• I’ve heard incredible things about Beloved, so was wondering if I’d started off the wrong foot.

      I’d be more than happy to concurrently read Song of Solomon. Let me know when you plan to read it, so that I can try getting hold of the book before that! Thanks for the offer :)

      • I do plan on reading it soon although I’m trying not to restrict myself reading-wise to set plans in set months. What if we say by the end of February, which gives you time to get hold of the book? Let me know if you haven’t and we can postpone; I’m ready to read it at any point between now and then.

  5. Clearly you were not bowled over by this book, but I am impressed that you still managed to write an objective review which suggests to me that I would like it. Great stuff!

    Maybe Toni Morrison is not for you (I have been keeping quiet about my Jorge Luis Borges debacle!) but the only one I have read (and loved,) so far, is Beloved, and I would suggest it if you were determined to try again. I started Paradise just before Christmas, but realised it wasn’t going to be palatable over the festive season. Perhaps A Mercy was the wrong book at the wrong time?

    • I really hope you like it, if you end up reading it.

      Maybe you’re right, and A Mercy just wasn’t a festive book. I’ll be looking forward to reading your thoughts on Paradise, when you get back to it, and see if I can leech a copy of Beloved. Might read Song of Solomon prior to that, as Claire’s suggested.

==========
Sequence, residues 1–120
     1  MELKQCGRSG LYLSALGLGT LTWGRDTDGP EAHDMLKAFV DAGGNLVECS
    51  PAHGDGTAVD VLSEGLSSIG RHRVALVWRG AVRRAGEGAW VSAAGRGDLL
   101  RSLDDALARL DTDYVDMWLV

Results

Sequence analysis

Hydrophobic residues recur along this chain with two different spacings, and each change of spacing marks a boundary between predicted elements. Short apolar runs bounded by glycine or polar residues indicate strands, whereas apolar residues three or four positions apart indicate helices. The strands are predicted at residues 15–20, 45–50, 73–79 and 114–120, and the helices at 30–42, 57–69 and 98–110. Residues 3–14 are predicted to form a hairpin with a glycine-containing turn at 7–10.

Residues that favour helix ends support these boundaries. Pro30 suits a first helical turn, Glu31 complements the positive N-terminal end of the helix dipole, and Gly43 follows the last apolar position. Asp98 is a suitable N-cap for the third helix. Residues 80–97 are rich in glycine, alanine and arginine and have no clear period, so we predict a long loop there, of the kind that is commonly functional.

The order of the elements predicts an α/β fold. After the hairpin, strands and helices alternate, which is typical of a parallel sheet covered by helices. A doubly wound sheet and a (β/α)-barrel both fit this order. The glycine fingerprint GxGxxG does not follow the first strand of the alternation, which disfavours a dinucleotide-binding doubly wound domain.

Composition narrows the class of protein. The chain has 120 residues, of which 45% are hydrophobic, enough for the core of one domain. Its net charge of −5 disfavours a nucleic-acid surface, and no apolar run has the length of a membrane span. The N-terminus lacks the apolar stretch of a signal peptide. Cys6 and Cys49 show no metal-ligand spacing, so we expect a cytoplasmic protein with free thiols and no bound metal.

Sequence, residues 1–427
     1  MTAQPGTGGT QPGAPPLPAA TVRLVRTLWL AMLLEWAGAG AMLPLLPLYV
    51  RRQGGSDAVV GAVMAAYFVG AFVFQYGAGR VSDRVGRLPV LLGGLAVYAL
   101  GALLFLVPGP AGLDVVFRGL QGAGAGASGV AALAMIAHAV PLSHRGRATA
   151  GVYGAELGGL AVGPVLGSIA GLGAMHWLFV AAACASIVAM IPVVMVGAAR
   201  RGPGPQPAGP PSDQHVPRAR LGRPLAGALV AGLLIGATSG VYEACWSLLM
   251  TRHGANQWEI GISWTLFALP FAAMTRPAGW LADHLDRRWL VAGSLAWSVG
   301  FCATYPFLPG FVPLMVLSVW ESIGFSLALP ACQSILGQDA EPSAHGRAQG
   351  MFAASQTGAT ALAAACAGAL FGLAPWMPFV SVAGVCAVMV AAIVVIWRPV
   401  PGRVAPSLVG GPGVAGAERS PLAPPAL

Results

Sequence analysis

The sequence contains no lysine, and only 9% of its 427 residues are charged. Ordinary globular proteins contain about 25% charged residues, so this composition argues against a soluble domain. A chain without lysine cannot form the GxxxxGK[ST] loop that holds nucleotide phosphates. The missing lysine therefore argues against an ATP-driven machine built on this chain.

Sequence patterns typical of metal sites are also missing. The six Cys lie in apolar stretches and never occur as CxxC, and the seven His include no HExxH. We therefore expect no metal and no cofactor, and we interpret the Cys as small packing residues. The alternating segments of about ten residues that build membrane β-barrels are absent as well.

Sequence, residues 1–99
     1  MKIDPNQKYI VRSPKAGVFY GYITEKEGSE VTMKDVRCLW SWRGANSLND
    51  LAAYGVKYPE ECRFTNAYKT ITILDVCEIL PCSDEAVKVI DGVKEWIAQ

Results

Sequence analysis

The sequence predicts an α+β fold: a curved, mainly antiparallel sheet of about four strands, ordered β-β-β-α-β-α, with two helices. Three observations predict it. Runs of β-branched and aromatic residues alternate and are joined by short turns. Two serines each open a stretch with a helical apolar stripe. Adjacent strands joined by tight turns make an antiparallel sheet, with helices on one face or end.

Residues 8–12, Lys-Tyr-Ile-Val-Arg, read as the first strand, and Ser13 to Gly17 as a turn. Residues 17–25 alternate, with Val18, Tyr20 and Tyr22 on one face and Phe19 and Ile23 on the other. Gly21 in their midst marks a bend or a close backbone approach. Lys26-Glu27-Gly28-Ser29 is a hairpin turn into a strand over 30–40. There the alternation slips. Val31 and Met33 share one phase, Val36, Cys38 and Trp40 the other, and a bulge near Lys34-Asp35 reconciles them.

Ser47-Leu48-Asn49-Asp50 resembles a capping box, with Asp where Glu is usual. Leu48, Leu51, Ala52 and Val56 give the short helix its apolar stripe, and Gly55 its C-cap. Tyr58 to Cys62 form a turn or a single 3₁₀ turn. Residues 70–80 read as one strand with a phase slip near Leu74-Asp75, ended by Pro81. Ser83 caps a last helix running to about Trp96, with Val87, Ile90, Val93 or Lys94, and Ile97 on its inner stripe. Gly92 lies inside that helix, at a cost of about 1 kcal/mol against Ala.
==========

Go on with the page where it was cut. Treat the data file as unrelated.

6. I’m still groping in the dark about which Morrison book to read next. I was thinking maybe Beloved. But seeing how you are planning to read Song of Solomon concurrently with Claire, maybe I could join in too? Though I’m going to have to hunt it and make sure it’s in the library somewhere…

    I’ll try pick the book up at about the same time you two start reading it. =)

  7. @Claire : End of February sounds good. Like you said, it gives me ample time to get hold of the book. Thanks again for the offer :)

  8. Hmm looking at your top books of the year I’m thinking you’d probably like the experimental nature of Beloved’s writing, but if you’re not convinced I suggest Jazz to ease yourself into her writing style. While it also plays with language the structure is a lot simpler than Beloved, which can at times take off into these (wonderful) flights of experimentation which can leave you wondering what is happening. I’m a fan of Morrisson’s early books but a couple of years ago I read ‘Love’ and was disappointingly surprised at the negative contrast.